Real Costs to Real Patients (USD):
autologous cord blood therapy for cerebral palsy at Duke
|On-Trial?||Nationality|| Cost of
| Cost of
Cord Blood Shipping
(* = paid by bank)
| Cost of
|YES||New Zealand||over $7,800||$3,000 *||$0|
|NO||New Zealand||over $7,800||$3,000 *||$11,000|
Trial Participation: Patients who meet the eligibility criteria to participate in the clinical trial for spastic cerebral palsy have all of their medical costs covered by the trial funding, regardless of their nationality. In addition, all families on-trial receive a flat travel stipend to defray the cost of bringing their child to Duke for evaluation and treatment. Patients coming from outside the US are asked to pay an up-front deposit that covers their estimated hospital costs, but if they are on-trial they are later reimbursed.
Cord Blood Shipping: When cord blood is released from a bank for therapy, it is shipped frozen to the treatment hospital in a small cryotank called a "dry shipper" and is only thawed before therapy. The cost to have a medical courier transport cord blood to Duke in a dry shipper should only be a few hundred dollars to cross the US, but runs into thousands of dollars to cross oceans on connecting flights. Moreover, since the dry shipper is the property of the bank, it must make a return trip too - but this costs much less because it is no longer carrying a medical shipment.
The cost impact of shipping cord blood varies greatly among patient families. Previously, when it was rare for family banks to release cord blood for therapy, they routinely covered this cost as part of their profit margin. Now that the bigger family banks are releasing multiple therapies per year, some companies have stopped covering this cost. Parents should ask questions about bank policy on the cost of shipping released cord blood before signing a contract for private storage with a family bank.
Cost of Medical Care at Duke: The policy at Duke Medical Center is to "accept assignment" for these patients, which is insurance industry terminology for accepting whatever payment the patient's medical insurance policy is able to pay. But patients coming to Duke from outside the US usually do not have any insurance coverage for treatment at Duke. These patients must pay deposits to cover the estimated full cost of the infusion process, which for the families we talked to ranged between $7,000 and $13,000. One family we spoke to had dual residence in Mexico and the US and was able to obtain insurance coverage for therapy. Even for families who are based within the US, there is a large variation in patient out-of-pocket costs, because in this country there is a large varation in the deductibles of medical insurance policies.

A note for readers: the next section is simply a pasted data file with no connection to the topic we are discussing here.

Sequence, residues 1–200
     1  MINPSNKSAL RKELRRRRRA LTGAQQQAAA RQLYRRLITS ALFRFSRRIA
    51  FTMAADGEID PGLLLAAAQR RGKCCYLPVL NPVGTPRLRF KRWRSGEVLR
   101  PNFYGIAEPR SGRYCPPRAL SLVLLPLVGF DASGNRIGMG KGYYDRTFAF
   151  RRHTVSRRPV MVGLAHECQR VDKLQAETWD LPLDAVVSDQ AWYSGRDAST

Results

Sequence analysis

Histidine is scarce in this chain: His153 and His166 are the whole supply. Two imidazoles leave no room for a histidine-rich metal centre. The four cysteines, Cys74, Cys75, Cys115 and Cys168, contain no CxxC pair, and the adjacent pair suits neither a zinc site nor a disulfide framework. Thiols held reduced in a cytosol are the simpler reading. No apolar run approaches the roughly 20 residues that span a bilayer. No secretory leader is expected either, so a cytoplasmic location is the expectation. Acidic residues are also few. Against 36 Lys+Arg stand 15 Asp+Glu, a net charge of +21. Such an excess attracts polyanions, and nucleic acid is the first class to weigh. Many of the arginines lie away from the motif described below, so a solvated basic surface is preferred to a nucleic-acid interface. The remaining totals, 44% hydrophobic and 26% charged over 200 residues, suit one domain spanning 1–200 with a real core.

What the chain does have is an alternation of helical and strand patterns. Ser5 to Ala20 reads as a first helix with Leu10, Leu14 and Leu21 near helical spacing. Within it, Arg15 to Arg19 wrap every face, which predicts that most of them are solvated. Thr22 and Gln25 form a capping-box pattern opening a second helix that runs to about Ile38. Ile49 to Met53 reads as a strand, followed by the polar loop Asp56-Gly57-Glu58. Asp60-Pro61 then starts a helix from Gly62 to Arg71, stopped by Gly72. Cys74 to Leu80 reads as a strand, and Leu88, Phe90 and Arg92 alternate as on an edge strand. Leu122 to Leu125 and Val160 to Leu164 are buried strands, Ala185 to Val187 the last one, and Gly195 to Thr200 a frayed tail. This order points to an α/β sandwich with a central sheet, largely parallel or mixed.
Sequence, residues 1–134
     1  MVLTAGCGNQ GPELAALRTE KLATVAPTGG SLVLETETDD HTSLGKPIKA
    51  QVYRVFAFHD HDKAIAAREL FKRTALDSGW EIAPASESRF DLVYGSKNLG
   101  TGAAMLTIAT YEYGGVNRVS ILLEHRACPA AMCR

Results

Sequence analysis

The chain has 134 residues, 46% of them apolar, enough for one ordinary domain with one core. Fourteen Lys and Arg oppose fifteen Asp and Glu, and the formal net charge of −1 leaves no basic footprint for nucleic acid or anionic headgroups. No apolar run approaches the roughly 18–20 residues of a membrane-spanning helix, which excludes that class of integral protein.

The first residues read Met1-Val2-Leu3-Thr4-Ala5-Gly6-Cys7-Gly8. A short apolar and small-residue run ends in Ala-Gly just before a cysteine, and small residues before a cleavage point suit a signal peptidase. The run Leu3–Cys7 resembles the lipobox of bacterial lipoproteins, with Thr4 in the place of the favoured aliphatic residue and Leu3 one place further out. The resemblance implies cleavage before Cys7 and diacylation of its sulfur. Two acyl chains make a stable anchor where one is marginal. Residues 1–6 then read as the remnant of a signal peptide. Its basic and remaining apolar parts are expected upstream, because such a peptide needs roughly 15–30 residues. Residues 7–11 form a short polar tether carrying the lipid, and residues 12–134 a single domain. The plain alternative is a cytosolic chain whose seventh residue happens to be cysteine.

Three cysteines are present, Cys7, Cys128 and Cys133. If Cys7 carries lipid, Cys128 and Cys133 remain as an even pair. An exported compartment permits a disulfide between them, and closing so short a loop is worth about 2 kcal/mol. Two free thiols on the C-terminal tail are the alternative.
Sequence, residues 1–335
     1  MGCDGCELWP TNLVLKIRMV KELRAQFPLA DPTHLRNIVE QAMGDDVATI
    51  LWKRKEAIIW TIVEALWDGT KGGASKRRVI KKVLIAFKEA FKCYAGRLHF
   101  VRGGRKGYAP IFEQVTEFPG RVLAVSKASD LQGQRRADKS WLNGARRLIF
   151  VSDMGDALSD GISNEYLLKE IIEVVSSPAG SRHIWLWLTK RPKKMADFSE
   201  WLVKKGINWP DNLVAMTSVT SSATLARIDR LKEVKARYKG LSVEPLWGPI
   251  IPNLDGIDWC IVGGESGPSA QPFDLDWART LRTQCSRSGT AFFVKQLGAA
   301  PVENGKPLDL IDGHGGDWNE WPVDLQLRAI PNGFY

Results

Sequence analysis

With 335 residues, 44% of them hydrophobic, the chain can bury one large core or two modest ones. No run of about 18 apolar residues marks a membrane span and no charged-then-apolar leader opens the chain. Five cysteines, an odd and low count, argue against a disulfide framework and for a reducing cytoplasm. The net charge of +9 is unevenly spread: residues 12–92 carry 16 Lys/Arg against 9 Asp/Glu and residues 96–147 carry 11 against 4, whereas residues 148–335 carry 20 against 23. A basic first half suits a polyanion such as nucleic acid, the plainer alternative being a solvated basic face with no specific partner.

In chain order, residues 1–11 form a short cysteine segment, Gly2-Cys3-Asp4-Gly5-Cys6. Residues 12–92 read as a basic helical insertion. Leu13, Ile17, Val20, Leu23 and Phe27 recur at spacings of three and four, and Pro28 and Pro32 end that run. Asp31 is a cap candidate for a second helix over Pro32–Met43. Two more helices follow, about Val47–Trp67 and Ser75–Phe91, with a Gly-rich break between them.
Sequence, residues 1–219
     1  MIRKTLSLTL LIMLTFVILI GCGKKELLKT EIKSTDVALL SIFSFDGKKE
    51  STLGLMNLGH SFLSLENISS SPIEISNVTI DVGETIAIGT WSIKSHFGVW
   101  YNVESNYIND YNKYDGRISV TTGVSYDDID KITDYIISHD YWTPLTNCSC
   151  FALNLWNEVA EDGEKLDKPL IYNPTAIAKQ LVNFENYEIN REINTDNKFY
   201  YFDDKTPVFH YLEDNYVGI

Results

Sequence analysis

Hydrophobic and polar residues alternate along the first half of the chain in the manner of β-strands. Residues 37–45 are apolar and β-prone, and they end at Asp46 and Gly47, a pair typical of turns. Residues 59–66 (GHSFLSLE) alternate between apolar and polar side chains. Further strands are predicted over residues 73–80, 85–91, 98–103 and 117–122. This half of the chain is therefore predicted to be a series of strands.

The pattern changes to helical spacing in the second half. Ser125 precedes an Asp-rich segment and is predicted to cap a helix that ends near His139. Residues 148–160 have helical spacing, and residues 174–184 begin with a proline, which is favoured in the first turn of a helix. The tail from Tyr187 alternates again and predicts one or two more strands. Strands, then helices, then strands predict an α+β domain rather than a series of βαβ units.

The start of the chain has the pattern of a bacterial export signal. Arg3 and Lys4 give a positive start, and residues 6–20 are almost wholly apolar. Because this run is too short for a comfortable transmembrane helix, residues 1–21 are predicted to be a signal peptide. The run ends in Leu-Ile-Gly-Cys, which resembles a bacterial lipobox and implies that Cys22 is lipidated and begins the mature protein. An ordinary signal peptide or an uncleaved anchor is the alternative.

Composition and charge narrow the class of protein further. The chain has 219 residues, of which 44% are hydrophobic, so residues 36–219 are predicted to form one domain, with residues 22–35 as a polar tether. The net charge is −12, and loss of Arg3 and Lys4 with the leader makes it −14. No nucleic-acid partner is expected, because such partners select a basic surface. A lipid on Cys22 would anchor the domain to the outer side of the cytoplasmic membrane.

Duke does have a charity program that will cover healthcare costs for eligible families who are paying for therapy out-of-pocket and cannot afford their child's care. In order to qualify for the charity program, the family must go through an application process and fully disclose their financial status. But, even in the charity program, US law inhibits hospitals from waiving insurance deductibles due to risk of legal exposure.
Cost of Family Travel: Obviously, the young children in this study could not travel unaccompanied. Every family paid travel costs for the patient and at least one other family member. The in-trial patients received a travel stipend of $1,000 per visit. Families receiving treatment at Duke can find affordable housing in the Ronald McDonald House of Durham or at one of the local hotels where Duke has arranged discount prices that cover the room and breakfast. Nonetheless, travel was a significant expense for all families, especially those coming from overseas.